ACTA rapporteur David Martin conluded that “the hopes do not pay for the fears.”

The Anti-Counterfeiting Trade Agreement (ACTA) seems to have been dealt a death blow in the European Union.

The agreement has been heavily criticized as creating inordinately harsh punishments against accused Internet copyright violators. David Martin, ACTA’s rapporteur for the European Union (EU), seems to agree.

Following an open debate in Brussels, Martin concluded, in seemingly no uncertain terms, that ACTA is a bad choice for the EU:

“In the end, I think that the hopes do not pay for the fears and my recommendation will be to reject ACTA.”

Martin did stress a need for the EU to draft a trade agreement that protects European intellectual property rights. But instead of ACTA, the EU needs an agreement that accomplishes that while still respecting individual Internet users’ rights.

“Author’s rights are of vital importance, because Europe’s economy is not based on raw materials,” Martin said. “I think there can be an unadequate separation of commercial and personal use, and I also think that ACTA would determine future legislation.”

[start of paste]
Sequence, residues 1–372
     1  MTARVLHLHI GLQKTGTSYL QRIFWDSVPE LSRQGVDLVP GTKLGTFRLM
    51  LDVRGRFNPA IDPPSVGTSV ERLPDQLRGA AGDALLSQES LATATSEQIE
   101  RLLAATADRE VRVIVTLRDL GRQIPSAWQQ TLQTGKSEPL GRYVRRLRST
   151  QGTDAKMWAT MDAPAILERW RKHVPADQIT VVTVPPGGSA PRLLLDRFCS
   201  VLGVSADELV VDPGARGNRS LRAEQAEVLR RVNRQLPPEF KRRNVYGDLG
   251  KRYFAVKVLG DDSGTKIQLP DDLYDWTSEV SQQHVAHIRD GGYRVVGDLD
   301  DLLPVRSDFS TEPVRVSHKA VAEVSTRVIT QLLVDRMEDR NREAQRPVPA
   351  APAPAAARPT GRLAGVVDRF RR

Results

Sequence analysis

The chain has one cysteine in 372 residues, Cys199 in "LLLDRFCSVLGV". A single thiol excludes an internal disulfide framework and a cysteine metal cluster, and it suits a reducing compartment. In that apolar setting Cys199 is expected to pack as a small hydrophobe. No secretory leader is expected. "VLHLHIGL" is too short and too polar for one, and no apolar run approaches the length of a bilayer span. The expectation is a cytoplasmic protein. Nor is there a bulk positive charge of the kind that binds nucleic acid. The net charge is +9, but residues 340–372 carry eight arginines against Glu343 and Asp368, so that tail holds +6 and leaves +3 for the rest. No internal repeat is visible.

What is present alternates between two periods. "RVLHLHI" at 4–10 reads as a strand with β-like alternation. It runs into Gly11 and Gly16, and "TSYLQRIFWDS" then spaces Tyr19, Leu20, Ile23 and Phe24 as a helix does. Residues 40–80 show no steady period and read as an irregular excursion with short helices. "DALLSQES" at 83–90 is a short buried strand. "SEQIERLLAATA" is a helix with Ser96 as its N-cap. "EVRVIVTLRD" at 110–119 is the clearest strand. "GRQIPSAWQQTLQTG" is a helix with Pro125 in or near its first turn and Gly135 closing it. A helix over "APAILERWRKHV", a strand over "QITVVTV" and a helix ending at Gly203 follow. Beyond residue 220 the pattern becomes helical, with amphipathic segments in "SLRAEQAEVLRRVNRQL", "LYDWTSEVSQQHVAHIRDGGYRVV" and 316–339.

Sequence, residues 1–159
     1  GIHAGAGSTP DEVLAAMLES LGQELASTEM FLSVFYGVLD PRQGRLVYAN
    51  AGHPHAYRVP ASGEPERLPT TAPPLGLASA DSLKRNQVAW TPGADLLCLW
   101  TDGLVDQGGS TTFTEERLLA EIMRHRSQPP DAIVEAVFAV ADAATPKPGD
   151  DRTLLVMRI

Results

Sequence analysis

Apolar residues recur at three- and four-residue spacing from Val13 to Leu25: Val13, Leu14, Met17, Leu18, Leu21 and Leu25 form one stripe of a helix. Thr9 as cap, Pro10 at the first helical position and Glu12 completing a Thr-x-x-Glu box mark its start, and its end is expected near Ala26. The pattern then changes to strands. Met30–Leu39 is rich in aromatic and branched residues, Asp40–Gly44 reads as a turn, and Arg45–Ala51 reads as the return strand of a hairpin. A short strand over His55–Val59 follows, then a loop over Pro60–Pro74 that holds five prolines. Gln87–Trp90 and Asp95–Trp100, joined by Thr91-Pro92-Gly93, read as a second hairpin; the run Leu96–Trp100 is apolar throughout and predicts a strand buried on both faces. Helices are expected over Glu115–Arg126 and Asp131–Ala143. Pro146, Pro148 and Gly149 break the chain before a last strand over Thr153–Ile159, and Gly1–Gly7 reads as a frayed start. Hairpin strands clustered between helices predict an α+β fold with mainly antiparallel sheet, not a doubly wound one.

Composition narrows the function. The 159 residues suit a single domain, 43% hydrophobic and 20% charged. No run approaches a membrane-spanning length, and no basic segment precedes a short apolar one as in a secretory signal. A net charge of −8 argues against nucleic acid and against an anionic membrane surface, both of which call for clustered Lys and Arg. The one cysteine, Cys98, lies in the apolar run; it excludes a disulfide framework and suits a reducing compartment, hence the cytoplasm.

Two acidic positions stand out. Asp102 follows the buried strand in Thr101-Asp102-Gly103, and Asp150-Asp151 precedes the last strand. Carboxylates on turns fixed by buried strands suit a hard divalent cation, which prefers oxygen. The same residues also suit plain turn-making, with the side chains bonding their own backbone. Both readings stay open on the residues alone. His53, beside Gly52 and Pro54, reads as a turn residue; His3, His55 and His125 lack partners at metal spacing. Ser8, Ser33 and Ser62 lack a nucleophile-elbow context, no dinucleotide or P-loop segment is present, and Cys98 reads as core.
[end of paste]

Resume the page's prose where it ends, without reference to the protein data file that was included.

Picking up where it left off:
ACTA is extremely unpopular with Internet users around the world. Almost three million have signed an online petition that calls it “an attack on Internet freedom.”

The agreement has already been signed by a number of countries, including the U.S., Canada, and Japan.

The EU’s International Trade Committee’s official final vote on on ACTA is scheduled for May 29-30.

Photo by Justus Bluemer

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Bulgaria and The Netherlands reject ACTA
Both European countries dismissed the Anti-Counterfeiting Trade Agreement on human rights violations.
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